( COMS): Here's a company I already own as part of my existing basket of cheapie techs. With a flush balance sheet and a new joint venture with
in China, I think 3Com has a good risk-to-reward ratio vs. its Foundry/Extreme cohorts. (I loved Extreme at $4 and change when I put in my newsletter's model portfolio, but have been trimming it here). 3Com is now at $5.05.
( APRS): This stock is trading at net cash, and sales have seemingly stabilized at this customer interaction technology company. I'm not thrilled about the underlying business, and the stock has made too much of a move for my liking. But you can decide for yourself, as it does fit the cheapie tech criteria. It's at $2.54.
( SMRA): Here's one that I'm kicking myself for not having had in my last basket. The company sources telecom equipment and wholesale services for service providers. It's not a bad little business, and the company has a pristine balance sheet with lots of cash and no debt. I wish I'd owned it when it was at cash, but nonetheless, I'm doing a double take at these levels and will consider nibbling on some. It's lately at $1.62.
: I'll never forget the time, a few years ago, when I talked to the good folks at Storage Networks. They were trying to tell me about their "exciting" new product line of designing and building storage area networks for competitive local exchange carriers and Internet service providers. They were also adamant that they were fully funded, even though I argued otherwise. Anyway, they now have the right business model (i.e. paring back everything until they figure out what they actually do) and they've recapitalized their balance sheet, which makes the company at least interesting at these levels. Today, it's at $1.36.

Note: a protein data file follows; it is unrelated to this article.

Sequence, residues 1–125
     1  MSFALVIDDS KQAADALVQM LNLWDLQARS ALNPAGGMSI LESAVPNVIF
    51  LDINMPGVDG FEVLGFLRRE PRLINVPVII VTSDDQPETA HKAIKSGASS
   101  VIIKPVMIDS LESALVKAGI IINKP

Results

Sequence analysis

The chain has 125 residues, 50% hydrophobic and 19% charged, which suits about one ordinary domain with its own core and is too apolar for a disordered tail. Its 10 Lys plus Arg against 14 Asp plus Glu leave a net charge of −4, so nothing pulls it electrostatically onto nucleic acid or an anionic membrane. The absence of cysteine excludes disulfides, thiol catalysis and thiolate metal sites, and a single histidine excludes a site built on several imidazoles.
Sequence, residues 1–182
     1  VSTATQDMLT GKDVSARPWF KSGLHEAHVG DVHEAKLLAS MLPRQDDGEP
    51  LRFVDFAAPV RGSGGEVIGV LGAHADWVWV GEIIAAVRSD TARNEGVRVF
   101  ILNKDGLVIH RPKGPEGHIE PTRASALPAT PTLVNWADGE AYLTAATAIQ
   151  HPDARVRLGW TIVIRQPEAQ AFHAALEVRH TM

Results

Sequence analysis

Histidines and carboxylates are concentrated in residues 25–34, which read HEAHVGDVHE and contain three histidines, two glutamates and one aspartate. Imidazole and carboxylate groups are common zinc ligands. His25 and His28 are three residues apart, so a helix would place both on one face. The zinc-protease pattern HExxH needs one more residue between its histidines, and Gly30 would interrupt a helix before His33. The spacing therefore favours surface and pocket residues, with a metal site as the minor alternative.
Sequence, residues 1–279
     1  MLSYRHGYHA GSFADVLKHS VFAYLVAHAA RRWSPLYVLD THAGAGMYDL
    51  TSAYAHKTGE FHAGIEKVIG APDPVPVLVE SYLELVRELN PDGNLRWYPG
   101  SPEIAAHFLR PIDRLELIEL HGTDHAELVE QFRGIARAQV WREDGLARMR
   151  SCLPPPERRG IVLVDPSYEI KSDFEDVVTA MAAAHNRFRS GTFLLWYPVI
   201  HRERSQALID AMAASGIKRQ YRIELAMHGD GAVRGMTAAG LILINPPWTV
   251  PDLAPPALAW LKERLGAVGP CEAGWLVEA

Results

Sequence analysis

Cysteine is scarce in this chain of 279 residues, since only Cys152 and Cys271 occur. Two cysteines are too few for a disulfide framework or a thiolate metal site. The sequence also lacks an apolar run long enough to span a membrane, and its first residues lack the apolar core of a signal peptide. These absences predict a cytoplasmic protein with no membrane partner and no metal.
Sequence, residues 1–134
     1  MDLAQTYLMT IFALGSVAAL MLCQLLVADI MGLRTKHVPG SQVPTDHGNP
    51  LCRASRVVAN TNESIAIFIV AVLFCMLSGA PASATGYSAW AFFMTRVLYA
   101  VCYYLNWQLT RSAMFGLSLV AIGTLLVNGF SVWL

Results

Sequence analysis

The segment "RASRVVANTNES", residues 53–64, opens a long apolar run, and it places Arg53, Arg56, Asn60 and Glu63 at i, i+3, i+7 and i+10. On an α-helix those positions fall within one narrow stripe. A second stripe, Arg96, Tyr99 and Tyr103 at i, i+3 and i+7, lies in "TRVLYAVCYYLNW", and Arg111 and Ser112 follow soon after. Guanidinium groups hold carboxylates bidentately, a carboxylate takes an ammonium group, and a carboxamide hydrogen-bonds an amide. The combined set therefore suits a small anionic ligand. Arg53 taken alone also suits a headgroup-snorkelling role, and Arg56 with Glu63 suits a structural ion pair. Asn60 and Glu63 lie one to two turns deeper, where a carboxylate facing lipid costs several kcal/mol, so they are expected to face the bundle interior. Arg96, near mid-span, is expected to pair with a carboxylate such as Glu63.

Finally, my two favorite cheapie tech names are already in my basket. Even though they've both made some relatively nice moves off their recent lows, I think both are still way undervalued.
( ITXC): I owned and followed this stock closely for years (although I hated the stock at $18 when I first met management). Now, I think the company looks very compelling at around $2, trading at less-than-tangible book value, just over cash and at a fraction of sales.
: It remains a good-looking value here at $16, trading at just over cash and at a fraction of revenue. The company has the balance sheet and savvy management to become a consolidator of distressed assets if and when telecom services finally rebounds.
With the moves that these most of these tech stocks have made lately, though, it's important to be very careful and set some tight stops if you're going to step into any of these names.
Cody Willard is a partner in a buy-side firm and a contributor to TheStreet.com's RealMoney.
He also produces a premium product for TheStreet.com called
The Telecom Connection and is the founder of
Teleconomics.com. The firm in which Willard is a partner may, from time to time, have long or short positions in, or buy or sell the securities, or derivatives thereof, of companies mentioned in his columns. At time of publication, the firm in which Willard is a partner was net short Foundry, long 3Coms and ITXC and net long IDT.c, although positions can change at any time and without notice. None of the information in this column constitutes, or is intended to constitute, a recommendation by Willard of any particular security or trading strategy or a determination by Willard that any security or trading strategy is suitable for any specific person. Willard appreciates your feedback and invites you to send it to